Neurofibromatosis is a genetic disorder that disturbs cell growth in your nervous system, causing tumors to form on nerve tissue. These tumors may develop anywhere in your nervous system, including in your brain, spinal cord and nerves. Neurofibromatosis is usually diagnosed in childhood or early adulthood.
The tumors are usually noncancerous (benign), but in some cases these tumors become cancerous (malignant) tumors. People with neurofibromatosis often experience only mild symptoms. Effects of neurofibromatosis can range from hearing loss, learning impairment, and heart and blood vessel (cardiovascular) complications to severe disability due to nerve compression by tumors, loss of vision and severe pain.
Neurofibromatosis treatment aims to maximize healthy growth and development and to manage complications as soon as they arise. When neurofibromatosis causes large tumors or tumors that press on a nerve, surgery may help ease symptoms. Some people may benefit from other therapies, such as stereotactic radiosurgery, medications to control pain or physical therapy.
Three distinct types of neurofibromatosis exist, each with different signs and symptoms.
Neurofibromatosis 1 (NF1)
Neurofibromatosis 2 (NF2)
These benign tumors grow on the nerve that carries sound and balance information from the inner ear to the brain (the eighth cranial nerve). Resulting signs and symptoms generally appear in the late teen and early adult years and may include:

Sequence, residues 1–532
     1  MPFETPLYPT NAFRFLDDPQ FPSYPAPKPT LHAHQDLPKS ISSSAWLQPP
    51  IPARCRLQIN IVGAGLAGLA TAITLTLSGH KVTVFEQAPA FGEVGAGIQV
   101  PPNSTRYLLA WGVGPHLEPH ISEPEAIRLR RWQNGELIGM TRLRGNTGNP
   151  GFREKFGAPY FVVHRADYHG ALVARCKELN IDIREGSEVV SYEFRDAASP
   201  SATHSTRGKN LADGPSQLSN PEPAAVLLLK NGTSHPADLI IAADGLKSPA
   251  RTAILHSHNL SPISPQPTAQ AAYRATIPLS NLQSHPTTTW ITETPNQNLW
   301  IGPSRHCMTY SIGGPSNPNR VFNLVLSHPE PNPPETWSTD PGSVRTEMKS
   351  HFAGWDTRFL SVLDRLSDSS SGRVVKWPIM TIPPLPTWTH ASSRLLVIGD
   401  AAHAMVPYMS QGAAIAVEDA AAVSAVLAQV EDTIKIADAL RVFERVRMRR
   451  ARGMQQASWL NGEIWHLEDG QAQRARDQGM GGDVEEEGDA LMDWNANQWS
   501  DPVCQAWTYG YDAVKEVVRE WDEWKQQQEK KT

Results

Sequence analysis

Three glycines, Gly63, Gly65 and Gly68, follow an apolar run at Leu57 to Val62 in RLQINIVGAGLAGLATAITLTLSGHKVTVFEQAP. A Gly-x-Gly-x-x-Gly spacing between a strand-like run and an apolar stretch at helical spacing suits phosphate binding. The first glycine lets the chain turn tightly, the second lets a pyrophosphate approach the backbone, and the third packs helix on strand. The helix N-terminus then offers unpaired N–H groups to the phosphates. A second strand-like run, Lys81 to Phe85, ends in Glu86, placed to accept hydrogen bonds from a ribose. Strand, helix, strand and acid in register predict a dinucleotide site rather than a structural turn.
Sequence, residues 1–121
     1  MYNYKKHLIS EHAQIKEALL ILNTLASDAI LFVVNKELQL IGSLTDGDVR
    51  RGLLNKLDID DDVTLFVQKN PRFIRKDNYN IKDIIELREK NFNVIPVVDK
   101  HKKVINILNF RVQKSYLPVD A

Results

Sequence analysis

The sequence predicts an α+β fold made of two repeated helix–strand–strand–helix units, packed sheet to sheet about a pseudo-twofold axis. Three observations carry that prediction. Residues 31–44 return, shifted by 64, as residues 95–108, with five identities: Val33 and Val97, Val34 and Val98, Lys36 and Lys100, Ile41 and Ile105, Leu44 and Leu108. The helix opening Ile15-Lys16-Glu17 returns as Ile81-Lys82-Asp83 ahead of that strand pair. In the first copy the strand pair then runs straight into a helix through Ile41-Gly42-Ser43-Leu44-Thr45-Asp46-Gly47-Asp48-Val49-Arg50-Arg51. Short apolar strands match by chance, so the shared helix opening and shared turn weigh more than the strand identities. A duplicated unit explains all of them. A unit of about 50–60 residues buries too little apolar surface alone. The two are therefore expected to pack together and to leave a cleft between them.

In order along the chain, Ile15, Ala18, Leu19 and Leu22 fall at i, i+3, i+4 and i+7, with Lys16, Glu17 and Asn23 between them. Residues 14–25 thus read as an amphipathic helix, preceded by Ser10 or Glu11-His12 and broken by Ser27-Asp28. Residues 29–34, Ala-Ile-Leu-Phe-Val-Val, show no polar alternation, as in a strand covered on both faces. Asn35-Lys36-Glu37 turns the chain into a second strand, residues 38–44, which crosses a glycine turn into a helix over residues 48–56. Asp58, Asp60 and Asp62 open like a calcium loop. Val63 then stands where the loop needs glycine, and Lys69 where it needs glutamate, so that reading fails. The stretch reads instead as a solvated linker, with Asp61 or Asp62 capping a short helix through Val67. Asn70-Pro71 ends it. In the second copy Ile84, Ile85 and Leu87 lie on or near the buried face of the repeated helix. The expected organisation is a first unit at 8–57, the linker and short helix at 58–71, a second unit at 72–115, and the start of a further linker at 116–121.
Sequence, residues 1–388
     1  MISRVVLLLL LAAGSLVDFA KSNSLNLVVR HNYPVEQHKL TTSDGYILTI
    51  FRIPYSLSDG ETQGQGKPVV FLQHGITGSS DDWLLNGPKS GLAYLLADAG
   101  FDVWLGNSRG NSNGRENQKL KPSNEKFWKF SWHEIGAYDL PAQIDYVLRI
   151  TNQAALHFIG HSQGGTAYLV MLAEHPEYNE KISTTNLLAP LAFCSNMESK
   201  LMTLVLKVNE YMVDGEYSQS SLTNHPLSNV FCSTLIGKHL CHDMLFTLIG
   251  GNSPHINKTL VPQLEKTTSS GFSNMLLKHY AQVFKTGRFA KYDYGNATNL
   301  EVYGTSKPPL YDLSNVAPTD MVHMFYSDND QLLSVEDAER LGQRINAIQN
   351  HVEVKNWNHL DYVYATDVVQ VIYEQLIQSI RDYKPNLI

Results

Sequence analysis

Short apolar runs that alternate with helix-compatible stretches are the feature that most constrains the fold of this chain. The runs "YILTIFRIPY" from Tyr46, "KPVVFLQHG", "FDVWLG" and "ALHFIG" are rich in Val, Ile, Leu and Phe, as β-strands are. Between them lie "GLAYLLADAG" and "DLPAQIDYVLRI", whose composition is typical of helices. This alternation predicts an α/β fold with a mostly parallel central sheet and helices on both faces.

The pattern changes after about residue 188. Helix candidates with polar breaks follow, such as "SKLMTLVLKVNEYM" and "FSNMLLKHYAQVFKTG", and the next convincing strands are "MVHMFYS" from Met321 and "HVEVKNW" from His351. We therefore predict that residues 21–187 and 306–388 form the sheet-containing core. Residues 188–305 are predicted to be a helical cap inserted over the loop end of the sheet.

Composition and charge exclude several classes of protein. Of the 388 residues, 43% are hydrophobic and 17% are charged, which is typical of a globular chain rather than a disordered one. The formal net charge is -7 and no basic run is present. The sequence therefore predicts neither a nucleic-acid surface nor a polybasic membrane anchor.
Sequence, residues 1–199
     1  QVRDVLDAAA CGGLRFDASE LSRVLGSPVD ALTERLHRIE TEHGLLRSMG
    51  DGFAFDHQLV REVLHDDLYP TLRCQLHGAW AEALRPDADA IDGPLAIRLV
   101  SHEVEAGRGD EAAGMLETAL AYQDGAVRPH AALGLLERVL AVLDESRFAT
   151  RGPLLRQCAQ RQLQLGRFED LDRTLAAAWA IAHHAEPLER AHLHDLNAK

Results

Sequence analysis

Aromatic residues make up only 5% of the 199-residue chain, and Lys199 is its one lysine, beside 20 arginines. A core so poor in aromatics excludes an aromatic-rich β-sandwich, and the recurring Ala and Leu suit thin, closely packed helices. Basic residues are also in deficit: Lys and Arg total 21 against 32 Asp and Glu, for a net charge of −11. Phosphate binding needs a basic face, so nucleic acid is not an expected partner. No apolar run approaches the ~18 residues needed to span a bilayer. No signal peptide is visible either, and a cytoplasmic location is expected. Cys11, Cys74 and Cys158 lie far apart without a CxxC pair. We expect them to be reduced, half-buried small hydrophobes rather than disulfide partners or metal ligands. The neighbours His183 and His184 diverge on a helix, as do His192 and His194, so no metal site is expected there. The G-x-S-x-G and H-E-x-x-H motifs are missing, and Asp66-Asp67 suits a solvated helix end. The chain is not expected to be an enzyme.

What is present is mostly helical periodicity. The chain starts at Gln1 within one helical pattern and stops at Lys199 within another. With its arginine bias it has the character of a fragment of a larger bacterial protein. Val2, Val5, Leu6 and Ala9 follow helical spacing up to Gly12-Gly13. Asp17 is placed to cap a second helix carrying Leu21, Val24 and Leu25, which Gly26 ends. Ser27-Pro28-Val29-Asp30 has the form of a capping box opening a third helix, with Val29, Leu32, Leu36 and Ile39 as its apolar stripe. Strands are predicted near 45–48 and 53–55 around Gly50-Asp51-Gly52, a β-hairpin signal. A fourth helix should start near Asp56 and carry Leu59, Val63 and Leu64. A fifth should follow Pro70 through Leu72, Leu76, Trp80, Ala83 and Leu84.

In some cases, NF2 can lead to growth of schwannomas in other nerves of the body, including the cranial, spinal, visual (optic) and peripheral nerves. Associated signs and symptoms may include:
In addition, NF2 may result in vision problems due to abnormal growth on the retina (mostly in children) or due to the development of cataracts.
Because tumors don't grow on this nerve, schwannomatosis doesn't cause hearing loss, making it different from NF2. As with NF2, though, schwannomatosis doesn't cause cognitive impairment. Schwannomatosis mainly causes chronic pain, which can occur anywhere in your body.
When to see a doctor
Neurofibromatosis is caused by genetic defects (mutations) that either are passed on by a parent or occur spontaneously at conception. Each form of neurofibromatosis is caused by mutations in different genes.
Neurofibromatosis 1 (NF1)
Neurofibromatosis 2 (NF2)
The biggest risk factor for neurofibromatosis is a family history of the disorder. About half of NF1 and NF2 cases are inherited. The remaining cases result from spontaneous mutations that occur at conception.
NF1 and NF2 are both autosomal dominant disorders, which means that any child of a parent with the disorder has a 50 percent chance of inheriting the genetic mutation.
The inheritance pattern for schwannomatosis is less clear. Researchers currently estimate that the risk of inheriting schwannomatosis from an affected parent is about 15 percent.
Autosomal dominant inheritance pattern
In an autosomal dominant disorder, the mutated gene is a dominant gene located on one of the nonsex chromosomes (autosomes). You need only one mutated gene to be affected by this type of disorder. A ...
Complications of neurofibromatosis vary, even within the same family. Generally, complications result from tumor growth distorting nerve tissue or pressing on internal organs.
Doctors can't predict whether your disease will progress, but most people with neurofibromatosis experience a mild or moderate form of the disorder, regardless of type.
Neurofibromatosis 1 (NF1) complications
Monitor neurofibromas vigilantly for any change in appearance, size or number. Changes may indicate cancerous growth. The earlier a malignancy is detected, the better the chances for effective treatment.
People with NF1 also have a higher risk of other forms of cancer, such as breast cancer, leukemia, brain tumors and some types of soft tissue cancer.